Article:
I began writing at 15. Back then, though I read eclectically, and still do, my favorite genre was YA fantasy. I wrote my first YA fantasy novel over the period of a year or so and rewrote it, and then took a break for my GCSE exams (I’m British by the way) and never got back into it. That novel eventually got scrapped. In between Year 12 and 13 (think grades 11 and 12 in the US), I began writing my second novel and finished it in six weeks. Now I’m in the MFA program at Virginia Tech.
I say all this because what is widely known about creative writing MFAs is that they’re geared towards literary writing, specifically for fiction, contemporary realism, young adult realism, character-driven stories, and at a stretch, magical realism. And so, for people like myself, who write fantasy and sci-fi abounding with mythical creatures and beings, other earths, powers and forces, and magic-teaching schools, MFA programs don’t seem welcoming. And from many anecdotes and from the scores of MFA alumni, it is mostly true.
Now, I applied with a sample of two contemporary realism short stories because I do also write realism, only short stories so far, but I came into the program confused as to which I should focus on: developing my realism skills so I could begin writing one of the two contemporary novels hidden in my mind, or continue writing my epic fantasy novel because that was what I was most passionate about (but what was the likelihood of it being welcome in workshop?).
I went with the first option.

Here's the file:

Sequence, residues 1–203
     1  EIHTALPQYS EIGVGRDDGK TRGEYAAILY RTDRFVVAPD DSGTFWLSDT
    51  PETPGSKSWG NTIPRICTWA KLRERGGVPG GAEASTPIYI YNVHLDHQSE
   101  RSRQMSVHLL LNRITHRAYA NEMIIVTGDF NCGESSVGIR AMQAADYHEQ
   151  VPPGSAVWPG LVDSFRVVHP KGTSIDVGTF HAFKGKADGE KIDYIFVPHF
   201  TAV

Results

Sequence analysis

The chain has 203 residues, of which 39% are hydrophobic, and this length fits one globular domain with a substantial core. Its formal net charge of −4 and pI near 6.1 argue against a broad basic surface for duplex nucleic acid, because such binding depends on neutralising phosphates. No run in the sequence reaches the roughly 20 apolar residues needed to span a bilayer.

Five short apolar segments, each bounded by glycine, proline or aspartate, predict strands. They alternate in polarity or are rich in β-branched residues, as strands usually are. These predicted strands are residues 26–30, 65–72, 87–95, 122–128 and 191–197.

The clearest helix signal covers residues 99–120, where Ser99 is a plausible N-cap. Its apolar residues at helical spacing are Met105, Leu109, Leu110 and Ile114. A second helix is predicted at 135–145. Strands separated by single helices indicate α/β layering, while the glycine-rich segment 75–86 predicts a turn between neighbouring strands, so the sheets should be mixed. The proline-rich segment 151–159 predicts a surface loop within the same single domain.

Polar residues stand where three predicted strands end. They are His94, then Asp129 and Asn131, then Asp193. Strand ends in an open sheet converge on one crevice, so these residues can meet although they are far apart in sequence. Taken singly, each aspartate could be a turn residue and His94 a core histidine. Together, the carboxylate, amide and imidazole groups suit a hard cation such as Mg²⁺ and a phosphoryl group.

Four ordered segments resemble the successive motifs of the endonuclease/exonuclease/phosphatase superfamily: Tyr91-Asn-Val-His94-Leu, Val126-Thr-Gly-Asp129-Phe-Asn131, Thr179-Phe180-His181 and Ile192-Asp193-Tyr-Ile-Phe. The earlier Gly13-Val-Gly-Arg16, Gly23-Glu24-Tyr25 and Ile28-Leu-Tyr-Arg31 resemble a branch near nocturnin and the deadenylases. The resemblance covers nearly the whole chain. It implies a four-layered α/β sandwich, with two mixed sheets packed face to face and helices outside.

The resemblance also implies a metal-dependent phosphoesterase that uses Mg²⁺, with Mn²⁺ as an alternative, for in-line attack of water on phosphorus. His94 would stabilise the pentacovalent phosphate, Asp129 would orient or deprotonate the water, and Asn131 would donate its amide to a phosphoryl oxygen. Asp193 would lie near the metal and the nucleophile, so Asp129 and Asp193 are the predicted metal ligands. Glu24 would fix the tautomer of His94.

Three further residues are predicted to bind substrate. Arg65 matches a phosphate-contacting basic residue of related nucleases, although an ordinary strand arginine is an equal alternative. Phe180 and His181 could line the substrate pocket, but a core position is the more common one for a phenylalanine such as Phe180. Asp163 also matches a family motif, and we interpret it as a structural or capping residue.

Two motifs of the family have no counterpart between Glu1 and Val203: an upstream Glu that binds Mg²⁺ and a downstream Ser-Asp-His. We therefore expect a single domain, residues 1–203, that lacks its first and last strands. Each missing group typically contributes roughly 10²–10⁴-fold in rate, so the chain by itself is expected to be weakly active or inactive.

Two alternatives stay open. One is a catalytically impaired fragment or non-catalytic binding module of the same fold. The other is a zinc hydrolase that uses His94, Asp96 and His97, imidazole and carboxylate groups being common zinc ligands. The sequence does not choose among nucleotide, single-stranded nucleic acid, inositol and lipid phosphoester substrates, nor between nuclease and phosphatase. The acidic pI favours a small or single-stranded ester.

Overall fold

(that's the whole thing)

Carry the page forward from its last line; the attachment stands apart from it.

After the first workshop, I switched to plan B. I realized I wasn’t yet ready to work on my realism yet because I was, and am, still full up with fantastical fuel.
What’s the moral of the story, you ask? Firstly, write what you love to write. Fantasy is my first love, and so are novels. They say it’s easier to write short stories and then develop into a novelist than it is to go backwards, and as a novelist from the conception of my writing, writing short stories can be grueling for me, even though I have come out with some good ones. So, for now, I’m going to stick with writing novels—fantasy novels.
Secondly, you don’t need an MFA*. If, like me, you saw how unlikely it is for you to get into an MFA with a fantasy or sci-fi portfolio, don’t be discouraged. Most of the greatest storytellers of our time didn’t get an MFA, so it’s not the only means to an end. There are so many ways to improve your craft: online courses, craft books, and how about the best tried-and-tested method—reading!
Thirdly, know your genre. It is so important, at all stages in your pursuit of becoming a published author, that you know what genre your novel or short story is, not just for your query letter to an agent, but also for yourself, your creativity, and defining the limits of your story. Even within YA Fantasy there are sub-genres, paranormal romance, urban fantasy, high fantasy, mythical fantasy, etc., so it’s seriously important to know which your writing falls into. Genre affects setting, plot, characterization, and worldbuilding.
This semester, I had the opportunity to meet the author Nnedi Okorafor when she came to do a reading at the university’s library, and yes, it was amazing to hear her read part of her upcoming novel, hear her talk about what influenced her writing, and ask her questions, but the event was significant to me for one thing she said, and I do not quote directly: “Writing YA, I don’t write flowery description.”